As Panchabuta has earlier opined, investors have also shown a lot of interest in the cleantech and clean energy space.
According to data from Venture Intelligence, $1.5 billion has been invested by venture capital and private equity firms into clean energy developers from 2008 to date. Indian Cleantech sector has witnessed an investment of about $465 million from 2008.
According to VC speakers on the Cleantech panel at Venture Intelligence’s APEX conference earlier this year, “Cleantech in India, still remains at a nascent stage where venture capital funds traditionally have not been able to find investable deals and the models for cleantech investments in India still need to be figured out. “
“Clean Energy has witnessed steady investments into IPP’s and 2010 was a record year with half a billion dollars invested. The appetite for investments into Clean Energy is still high, but companies have not been able to scale as much as there is capital available. Clean Energy still continues to be among the top three areas of interest for investments when we spoke to a number of funds and their limited partners,”said Arun Natarajan, CEO of Venture Intelligence.
According to reports, for Venture Capitalists, once who thronged into clean technology, they now need to rethink on their strategies and find ways to move out of the field altogether. With financial crisis bringing more risk to new technologies, early stage investors, like angel investors, families or government grants, are less interested towards funding startups that need large amount of cash to bring their products to market.
Even VC firms are showing least interest towards funding these companies requiring huge capital for survival and revenue generation. They say that the investment policy in clean tech is quite different from that of other fields and needs different game plans to work on as that of the IT industry. “The R&D needs more investment than any other department in the clean tech segment. The investment is not sure of getting a good return in terms of commercialization and viability. This restricts the VCs to invest in the segment,” says Gaurav Shah, CMD and CIO, India Social Fund.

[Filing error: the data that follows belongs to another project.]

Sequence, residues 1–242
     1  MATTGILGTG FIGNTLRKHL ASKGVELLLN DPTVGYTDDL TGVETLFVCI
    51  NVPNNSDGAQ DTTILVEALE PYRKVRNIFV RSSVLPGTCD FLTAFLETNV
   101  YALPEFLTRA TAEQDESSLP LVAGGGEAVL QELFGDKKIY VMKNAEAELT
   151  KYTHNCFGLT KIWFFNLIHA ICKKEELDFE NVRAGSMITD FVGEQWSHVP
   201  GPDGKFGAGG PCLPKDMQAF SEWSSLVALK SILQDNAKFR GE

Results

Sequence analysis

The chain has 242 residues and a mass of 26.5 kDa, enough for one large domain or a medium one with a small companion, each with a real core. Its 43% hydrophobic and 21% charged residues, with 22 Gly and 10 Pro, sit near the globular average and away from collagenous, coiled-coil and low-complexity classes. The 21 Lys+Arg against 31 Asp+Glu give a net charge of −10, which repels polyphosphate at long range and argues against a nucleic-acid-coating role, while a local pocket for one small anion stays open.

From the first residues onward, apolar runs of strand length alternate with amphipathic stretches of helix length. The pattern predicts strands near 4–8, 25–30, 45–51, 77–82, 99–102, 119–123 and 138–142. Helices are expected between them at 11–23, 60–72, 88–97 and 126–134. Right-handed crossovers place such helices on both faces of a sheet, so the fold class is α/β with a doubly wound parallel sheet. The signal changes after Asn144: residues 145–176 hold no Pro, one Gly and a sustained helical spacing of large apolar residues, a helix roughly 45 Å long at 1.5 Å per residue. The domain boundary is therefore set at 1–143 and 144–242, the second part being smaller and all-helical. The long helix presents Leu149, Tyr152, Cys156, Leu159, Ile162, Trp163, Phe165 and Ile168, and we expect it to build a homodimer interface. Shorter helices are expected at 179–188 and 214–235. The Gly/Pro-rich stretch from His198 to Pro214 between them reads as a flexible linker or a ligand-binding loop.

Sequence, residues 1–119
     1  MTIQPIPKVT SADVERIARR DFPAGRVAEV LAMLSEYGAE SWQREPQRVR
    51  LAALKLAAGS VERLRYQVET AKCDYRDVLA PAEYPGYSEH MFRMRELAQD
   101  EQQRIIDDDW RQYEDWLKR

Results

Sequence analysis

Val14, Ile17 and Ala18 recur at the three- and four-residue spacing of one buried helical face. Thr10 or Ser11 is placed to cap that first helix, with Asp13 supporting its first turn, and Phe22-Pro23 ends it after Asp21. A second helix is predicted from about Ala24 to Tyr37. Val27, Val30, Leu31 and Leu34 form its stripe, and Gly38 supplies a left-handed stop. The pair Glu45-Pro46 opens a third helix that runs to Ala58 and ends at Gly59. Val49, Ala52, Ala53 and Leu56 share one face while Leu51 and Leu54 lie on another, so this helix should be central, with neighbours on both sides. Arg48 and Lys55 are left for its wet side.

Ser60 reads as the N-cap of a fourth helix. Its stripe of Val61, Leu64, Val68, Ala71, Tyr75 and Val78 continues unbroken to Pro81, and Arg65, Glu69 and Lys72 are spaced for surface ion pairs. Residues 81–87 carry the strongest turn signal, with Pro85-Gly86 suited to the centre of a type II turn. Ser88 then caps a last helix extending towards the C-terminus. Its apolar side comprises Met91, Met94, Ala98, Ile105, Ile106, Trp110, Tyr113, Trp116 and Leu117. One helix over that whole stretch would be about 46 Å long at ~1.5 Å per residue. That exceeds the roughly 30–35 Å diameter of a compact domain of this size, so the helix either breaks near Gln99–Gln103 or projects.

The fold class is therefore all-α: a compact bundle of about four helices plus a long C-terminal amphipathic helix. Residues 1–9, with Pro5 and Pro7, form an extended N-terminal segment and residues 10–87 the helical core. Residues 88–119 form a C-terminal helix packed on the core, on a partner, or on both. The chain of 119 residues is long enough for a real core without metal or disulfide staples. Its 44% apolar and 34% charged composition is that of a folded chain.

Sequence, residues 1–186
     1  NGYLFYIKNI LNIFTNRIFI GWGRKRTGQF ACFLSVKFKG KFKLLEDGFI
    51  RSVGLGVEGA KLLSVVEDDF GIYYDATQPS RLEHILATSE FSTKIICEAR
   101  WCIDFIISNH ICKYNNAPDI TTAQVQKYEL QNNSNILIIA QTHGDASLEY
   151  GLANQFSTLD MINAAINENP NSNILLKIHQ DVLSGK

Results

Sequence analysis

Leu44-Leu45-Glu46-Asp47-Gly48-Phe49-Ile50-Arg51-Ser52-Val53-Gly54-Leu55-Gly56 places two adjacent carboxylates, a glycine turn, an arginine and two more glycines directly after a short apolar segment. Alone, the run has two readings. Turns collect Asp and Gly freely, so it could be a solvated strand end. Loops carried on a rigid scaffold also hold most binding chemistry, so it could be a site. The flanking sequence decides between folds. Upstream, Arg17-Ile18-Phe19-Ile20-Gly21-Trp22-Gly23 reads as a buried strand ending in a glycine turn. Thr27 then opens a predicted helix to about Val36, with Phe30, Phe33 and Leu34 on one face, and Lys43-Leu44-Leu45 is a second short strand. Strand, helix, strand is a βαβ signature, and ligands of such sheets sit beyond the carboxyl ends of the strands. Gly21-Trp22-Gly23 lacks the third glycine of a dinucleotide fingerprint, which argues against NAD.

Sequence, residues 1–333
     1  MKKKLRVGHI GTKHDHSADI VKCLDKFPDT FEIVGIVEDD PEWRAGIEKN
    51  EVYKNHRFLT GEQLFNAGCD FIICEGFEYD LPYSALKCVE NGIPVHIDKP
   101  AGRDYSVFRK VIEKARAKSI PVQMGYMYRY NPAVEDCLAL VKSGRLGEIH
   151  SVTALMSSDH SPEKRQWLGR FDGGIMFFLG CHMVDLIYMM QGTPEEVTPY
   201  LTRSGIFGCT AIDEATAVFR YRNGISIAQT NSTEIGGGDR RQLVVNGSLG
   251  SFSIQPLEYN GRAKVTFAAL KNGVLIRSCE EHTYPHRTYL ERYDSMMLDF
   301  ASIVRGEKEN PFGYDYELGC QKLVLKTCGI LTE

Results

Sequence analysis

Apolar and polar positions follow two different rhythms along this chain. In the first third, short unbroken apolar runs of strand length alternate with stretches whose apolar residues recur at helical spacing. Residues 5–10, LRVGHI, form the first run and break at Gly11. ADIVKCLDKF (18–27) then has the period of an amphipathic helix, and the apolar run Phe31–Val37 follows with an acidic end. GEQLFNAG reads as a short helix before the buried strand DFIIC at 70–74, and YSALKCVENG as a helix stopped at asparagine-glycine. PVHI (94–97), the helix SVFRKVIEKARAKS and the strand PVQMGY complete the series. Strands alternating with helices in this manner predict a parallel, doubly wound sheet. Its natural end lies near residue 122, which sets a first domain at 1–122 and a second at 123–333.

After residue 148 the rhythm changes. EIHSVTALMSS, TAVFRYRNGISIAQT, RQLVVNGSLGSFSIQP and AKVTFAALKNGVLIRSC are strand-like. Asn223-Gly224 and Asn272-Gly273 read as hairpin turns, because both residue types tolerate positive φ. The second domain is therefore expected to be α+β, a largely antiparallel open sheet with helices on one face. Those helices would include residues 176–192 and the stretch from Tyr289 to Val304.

India is more conservative in terms of investment in clean tech. It is more energy driven, may be solar or wind. Even some VCs and angel investors lack the kind of understanding from technology incubation perspective. One of the other reasons of concern for the VCs who are getting out of clean tech is that such companies are taking longer to innovate around energy and materials than they originally expected it to be. Many clean tech companies take a long time to go IPO and forces the VCs to rethink on their strategy, as they are not able to make good exit from the company and make handsome profit.
“We have made considerable investment in Clean Tech, but are stuck to rethink on the entire investment process as we are not getting viable return from them. No one can deny their idea from being great, but such long involvement with high risk is rather a matter of much concern,” says Amit Paul, Asst. Vice President, SIDBI Venture Capital Ltd.